Viewing the original 1611 KJV with archaic English spelling.
Click to switch to the Standard KJV.



+     Text Size    

1 And Iacob dwelt in the land wherein his father was a stranger, in the land of Canaan.

2 These are the generations of Iacob: Ioseph being seuenteene yeeres old, was feeding the flocke with his brethren, and the lad was with the sonnes of Bilhah, and with the sonnes of Zilpah, his fathers wiues: and Ioseph brought vnto his father their euill report.

3 Now Israel loued Ioseph more then all his children, because he was the sonne of his old age: and he made him a coat of many colours.

4 And when his brethren saw that their father loued him more then all his brethren, they hated him, and could not speake peaceably vnto him.

5 ¶ And Ioseph dreamed a dreame, and he told it his brethren, and they hated him yet the more.

6 And he said vnto them, Heare, I pray you, this dreame which I haue dreamed.

7 For beholde, wee were binding sheaues in the field, and loe, my sheafe arose, and also stood vpright; and behold, your sheaues stood round about, and made obeisance to my sheafe.

8 And his brethren saide to him, Shalt thou indeed reigne ouer vs? or shalt thou indeed haue dominion ouer vs? and they hated him yet the more, for his dreames, and for his words.

9 ¶ And hee dreamed yet another dreame, and told it his brethren, and said, Behold, I haue dreamed a dreame more: and behold, the sunne and the moone, and the eleuen starres made obeisance to me.

10 And he told it to his father, and to his brethren: and his father rebuked him, and said vnto him, What is this dreame that thou hast dreamed? shal I, and thy mother, and thy brethren indeed come to bow downe our selues to thee, to the earth?

11 And his brethren enuied him: but his father obserued the saying.

12 ¶ And his brethren went to feed their fathers flocke in Shechem.

13 And Israel saide vnto Ioseph, Doe not thy brethren feed the flocke in Shechem? Come, and I will send thee vnto them: & he said to him, Here am I.

14 And he said to him, Goe, I pray thee, see whether it bee well with thy brethren, and well with the flockes, and bring me word againe: so hee sent him out of the vale of Hebron, and he came to Shechem.

15 ¶ And a certaine man found him, and behold, hee was wandring in the field, and the man asked him, saying, What seekest thou?

16 And he said, I seeke my brethren: tell me, I pray thee, where they feede their flockes.

17 And the man said, They are departed hence: for I heard them say, Let vs goe to Dothan. And Ioseph went after his brethren, and found them in Dothan.

18 And when they saw him a farre off, euen before he came neere vnto them, they conspired against him, to slay him.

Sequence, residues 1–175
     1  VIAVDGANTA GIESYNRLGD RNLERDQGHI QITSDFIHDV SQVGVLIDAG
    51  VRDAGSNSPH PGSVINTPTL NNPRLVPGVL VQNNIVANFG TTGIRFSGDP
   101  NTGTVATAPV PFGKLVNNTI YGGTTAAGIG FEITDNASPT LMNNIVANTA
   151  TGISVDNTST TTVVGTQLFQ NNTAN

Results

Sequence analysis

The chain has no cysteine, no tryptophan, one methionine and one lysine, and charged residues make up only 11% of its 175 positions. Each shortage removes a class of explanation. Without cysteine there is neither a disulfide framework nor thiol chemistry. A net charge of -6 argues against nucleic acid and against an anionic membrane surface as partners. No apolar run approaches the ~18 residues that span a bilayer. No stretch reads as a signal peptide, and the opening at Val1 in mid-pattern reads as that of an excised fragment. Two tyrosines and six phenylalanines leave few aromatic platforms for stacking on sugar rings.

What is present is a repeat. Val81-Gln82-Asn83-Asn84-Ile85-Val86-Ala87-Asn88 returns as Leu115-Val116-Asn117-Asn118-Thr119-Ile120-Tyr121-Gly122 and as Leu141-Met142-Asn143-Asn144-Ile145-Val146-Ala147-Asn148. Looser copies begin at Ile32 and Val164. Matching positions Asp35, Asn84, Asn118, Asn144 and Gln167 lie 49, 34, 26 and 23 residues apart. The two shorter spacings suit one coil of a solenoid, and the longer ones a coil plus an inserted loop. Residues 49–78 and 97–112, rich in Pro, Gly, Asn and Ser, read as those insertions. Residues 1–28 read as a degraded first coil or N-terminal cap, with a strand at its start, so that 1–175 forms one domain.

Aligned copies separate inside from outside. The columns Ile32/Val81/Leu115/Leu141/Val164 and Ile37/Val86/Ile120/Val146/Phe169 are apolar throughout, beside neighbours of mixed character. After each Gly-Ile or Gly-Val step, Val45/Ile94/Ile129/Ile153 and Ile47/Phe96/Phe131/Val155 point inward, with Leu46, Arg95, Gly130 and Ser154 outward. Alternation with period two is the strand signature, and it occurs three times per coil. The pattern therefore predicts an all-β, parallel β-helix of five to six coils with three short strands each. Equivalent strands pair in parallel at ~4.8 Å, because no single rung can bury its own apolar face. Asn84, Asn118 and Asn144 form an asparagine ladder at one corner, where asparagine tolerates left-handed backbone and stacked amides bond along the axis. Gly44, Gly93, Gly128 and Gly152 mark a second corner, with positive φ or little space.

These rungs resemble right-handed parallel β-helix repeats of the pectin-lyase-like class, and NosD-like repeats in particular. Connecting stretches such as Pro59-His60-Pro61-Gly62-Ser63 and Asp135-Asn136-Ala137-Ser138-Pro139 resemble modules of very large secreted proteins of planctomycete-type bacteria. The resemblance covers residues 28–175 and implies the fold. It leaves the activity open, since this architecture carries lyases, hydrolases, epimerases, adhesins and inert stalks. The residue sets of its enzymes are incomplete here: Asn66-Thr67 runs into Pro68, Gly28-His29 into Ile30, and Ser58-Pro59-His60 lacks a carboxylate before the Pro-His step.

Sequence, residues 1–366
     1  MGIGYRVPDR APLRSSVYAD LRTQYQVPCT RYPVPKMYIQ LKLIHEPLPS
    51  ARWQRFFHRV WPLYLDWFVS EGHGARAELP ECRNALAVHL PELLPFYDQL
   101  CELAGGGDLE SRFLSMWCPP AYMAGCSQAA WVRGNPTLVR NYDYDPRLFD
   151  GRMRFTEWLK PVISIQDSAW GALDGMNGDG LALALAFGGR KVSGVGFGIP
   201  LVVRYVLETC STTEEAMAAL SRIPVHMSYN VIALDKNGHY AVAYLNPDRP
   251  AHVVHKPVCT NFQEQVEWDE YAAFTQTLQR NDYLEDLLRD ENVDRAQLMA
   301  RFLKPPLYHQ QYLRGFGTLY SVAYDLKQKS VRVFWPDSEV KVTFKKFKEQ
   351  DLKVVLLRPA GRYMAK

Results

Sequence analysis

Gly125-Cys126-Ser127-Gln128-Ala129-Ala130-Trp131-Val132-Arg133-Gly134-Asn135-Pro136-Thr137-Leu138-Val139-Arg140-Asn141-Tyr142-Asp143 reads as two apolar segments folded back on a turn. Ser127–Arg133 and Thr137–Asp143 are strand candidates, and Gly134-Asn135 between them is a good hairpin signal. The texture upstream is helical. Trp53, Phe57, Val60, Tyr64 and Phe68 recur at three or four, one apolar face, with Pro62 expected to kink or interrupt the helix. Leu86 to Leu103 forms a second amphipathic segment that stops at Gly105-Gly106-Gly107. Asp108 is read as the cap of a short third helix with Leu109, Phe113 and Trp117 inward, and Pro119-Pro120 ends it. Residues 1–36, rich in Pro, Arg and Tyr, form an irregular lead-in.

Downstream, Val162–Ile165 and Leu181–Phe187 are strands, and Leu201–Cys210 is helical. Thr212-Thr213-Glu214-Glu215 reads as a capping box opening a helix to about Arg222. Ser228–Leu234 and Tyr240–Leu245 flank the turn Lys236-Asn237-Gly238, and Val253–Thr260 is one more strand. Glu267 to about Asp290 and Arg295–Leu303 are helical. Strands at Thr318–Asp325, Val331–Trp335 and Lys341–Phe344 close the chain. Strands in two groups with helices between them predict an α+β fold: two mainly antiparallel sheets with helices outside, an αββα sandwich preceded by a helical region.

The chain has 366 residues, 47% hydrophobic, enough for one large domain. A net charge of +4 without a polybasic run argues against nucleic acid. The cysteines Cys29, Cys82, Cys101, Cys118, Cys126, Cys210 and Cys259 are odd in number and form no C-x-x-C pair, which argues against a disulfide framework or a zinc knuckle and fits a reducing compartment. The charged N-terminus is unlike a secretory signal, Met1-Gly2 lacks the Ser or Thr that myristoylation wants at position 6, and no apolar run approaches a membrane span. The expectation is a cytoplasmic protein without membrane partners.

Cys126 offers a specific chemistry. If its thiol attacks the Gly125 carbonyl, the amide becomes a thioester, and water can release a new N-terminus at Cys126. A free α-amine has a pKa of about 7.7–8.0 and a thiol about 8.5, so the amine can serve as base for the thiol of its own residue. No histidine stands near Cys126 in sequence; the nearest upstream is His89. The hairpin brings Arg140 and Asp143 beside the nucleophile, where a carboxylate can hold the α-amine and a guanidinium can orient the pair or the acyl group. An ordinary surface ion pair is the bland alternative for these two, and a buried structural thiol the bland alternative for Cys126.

19 And they said one to another, Behold, this dreamer commeth.

20 Come now therefore, and let vs slay him, and cast him into some pit, and we will say, Some euill beast hath deuoured him: and we shall see what will become of his dreames.

21 And Reuben heard it, and he deliuered him out of their hands, and said; Let vs not kill him.

22 And Reuben saide vnto them, Shed no blood, but cast him into this pit that is in the wildernesse, and lay no hand vpon him; that he might rid him out of their hands, to deliuer him to his father againe.

23 ¶ And it came to passe when Ioseph was come vnto his brethren, that they stript Ioseph out of his coate, his coat of many colours that was on him.

24 And they tooke him and cast him into a pit: and the pit was emptie, there was no water in it.

25 And they sate downe to eat bread: and they lift vp their eyes and looked, and behold, a company of Ishmeelites came from Gilead, with their camels, bearing spicery, & baulme, and myrrhe, going to cary it downe to Egypt.

26 And Iudah saide vnto his brethren, What profit is it if we slay our brother, and conceale his blood?

27 Come, and let vs sell him to the Ishmeelites, and let not our hand bee vpon him: for he is our brother, and our flesh; and his brethren were content.

28 Then there passed by Midianites merchant men, and they drew and lift vp Ioseph out of the pit, and sold Ioseph to the Ishmeelites for twentie pieces of siluer: and they brought Ioseph into Egypt.

29 ¶ And Reuben returned vnto the pit, and behold, Ioseph was not in the pit: and he rent his clothes.

30 And hee returned vnto his brethren and said, The childe is not, and I, whither shall I goe?